Information Hold-Up, Disclosure Policy, and Career Concerns on the Example of Open Source Software Development

Intellectual Property and Open Source

Article Snapshot


Marc Blatter and Andras Niedermayer


NET Institute Working Paper #08-06, September 2008


This paper evaluates open source systems where employees work on publicly-reviewable projects for little to no pay.

Policy Relevance

This article helps explain why the open source system should be utilized in the software industry.

Main Points

  • A talented software developer has an incentive to work on an open source project in order to make his talent observable to all employers rather than only his own. This improves his bargaining position after the signal about his talent has been revealed.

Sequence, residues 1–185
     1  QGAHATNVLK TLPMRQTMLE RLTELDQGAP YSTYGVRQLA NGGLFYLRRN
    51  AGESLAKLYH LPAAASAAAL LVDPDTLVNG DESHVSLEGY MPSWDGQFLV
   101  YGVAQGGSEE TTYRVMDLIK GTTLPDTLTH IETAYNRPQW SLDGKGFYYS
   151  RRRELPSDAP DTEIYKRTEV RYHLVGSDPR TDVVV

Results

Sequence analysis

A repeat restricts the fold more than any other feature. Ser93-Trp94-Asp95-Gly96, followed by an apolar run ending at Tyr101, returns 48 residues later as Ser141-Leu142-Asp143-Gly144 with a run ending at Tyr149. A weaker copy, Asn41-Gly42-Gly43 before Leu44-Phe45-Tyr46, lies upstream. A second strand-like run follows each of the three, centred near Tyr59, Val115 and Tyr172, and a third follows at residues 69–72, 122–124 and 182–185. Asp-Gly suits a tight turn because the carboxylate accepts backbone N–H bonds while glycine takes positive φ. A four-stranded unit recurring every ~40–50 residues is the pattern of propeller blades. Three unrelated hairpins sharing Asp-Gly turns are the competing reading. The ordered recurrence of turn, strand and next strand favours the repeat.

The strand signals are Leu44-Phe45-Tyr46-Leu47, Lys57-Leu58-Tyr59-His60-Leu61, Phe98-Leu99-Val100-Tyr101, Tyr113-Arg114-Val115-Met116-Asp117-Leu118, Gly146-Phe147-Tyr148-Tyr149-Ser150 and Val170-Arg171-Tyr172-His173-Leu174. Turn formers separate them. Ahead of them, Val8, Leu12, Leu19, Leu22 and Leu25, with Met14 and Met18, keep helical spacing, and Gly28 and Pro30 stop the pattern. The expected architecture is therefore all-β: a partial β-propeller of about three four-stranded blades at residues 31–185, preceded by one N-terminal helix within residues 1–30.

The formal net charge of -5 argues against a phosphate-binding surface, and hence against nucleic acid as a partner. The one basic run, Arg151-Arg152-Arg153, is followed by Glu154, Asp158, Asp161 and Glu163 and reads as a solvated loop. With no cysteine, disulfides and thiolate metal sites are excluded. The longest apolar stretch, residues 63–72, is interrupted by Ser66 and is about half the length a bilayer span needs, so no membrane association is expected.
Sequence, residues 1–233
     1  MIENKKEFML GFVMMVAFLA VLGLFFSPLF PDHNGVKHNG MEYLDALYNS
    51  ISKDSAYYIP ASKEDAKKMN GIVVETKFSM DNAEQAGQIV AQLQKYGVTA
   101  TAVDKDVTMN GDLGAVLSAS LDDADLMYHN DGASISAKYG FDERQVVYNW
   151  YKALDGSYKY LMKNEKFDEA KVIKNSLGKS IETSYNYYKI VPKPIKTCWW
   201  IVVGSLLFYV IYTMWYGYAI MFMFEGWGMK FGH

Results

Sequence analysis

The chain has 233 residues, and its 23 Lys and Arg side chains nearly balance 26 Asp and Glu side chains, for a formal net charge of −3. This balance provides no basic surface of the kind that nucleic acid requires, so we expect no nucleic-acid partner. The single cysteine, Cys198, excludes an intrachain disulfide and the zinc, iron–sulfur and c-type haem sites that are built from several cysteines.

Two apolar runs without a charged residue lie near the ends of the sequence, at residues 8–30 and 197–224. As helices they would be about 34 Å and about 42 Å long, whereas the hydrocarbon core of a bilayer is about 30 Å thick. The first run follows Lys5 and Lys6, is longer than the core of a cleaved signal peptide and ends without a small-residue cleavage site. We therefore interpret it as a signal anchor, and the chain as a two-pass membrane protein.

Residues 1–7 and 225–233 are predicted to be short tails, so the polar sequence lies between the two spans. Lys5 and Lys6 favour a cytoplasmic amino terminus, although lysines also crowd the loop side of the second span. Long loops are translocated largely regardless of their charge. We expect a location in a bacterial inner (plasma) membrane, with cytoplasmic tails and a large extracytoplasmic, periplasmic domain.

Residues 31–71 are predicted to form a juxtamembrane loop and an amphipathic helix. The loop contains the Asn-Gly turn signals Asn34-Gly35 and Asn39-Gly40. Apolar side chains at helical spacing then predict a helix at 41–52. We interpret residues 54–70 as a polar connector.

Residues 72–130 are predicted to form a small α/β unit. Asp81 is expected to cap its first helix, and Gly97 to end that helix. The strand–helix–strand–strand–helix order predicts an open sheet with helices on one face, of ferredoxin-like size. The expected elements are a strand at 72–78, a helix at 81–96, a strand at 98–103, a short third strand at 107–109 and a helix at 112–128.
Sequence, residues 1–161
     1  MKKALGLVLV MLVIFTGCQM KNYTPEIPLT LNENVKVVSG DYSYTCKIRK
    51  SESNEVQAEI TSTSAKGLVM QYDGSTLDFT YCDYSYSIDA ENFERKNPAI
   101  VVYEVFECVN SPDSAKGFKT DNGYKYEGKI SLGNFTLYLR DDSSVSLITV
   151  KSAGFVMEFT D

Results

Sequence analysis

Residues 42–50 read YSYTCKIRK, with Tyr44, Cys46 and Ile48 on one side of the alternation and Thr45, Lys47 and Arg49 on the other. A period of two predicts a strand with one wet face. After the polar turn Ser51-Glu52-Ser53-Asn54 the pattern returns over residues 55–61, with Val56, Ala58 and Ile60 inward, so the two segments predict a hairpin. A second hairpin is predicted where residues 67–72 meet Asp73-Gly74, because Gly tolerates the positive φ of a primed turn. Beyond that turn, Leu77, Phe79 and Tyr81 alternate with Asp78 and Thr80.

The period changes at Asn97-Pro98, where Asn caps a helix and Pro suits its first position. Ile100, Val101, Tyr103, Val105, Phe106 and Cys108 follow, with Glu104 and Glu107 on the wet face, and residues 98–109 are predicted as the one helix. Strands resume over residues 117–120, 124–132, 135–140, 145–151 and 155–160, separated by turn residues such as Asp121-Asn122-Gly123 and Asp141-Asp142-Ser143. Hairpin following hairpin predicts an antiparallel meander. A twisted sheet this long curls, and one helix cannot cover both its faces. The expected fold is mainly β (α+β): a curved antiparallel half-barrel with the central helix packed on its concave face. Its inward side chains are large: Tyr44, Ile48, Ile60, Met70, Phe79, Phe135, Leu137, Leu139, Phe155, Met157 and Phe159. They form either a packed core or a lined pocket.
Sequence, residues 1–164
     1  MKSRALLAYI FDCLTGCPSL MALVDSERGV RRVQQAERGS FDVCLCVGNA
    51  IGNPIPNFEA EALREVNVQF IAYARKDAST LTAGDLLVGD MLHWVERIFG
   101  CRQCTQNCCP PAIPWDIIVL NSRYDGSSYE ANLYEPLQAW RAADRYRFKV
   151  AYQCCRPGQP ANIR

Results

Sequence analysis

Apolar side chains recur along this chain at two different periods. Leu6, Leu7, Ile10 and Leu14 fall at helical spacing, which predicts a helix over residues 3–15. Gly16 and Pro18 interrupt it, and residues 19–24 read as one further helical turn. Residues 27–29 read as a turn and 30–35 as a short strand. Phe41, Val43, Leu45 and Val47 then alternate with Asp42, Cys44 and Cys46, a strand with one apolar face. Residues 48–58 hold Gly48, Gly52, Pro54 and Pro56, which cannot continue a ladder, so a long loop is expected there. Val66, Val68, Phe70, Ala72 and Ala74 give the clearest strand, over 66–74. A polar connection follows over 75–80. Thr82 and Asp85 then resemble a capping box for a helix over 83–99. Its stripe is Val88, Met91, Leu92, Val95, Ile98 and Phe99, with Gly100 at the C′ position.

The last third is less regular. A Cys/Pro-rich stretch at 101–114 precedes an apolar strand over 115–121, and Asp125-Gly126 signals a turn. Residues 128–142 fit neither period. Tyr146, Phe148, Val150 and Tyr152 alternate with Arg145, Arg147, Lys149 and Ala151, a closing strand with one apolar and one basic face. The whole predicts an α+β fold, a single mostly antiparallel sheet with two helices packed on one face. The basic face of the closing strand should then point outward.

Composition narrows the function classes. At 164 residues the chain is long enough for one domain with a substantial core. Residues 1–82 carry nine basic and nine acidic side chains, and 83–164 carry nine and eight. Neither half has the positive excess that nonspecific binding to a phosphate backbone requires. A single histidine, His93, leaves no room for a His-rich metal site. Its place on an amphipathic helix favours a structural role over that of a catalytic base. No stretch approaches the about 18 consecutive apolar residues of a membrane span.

• By letting employees work on open source projects, firms can credibly commit to pay high future wages for talented programmers.  


  • This paper provides a model that yields results expected by intuition except for the following two key results: (1) it is more likely that talented programmers choose to do open source development if there is a large productivity difference between talented and untalented programmers and (2) working in a highly visible open source job leads to a higher effort level in a setup where future employers cannot distinguish whether success is due to effort or talent. 

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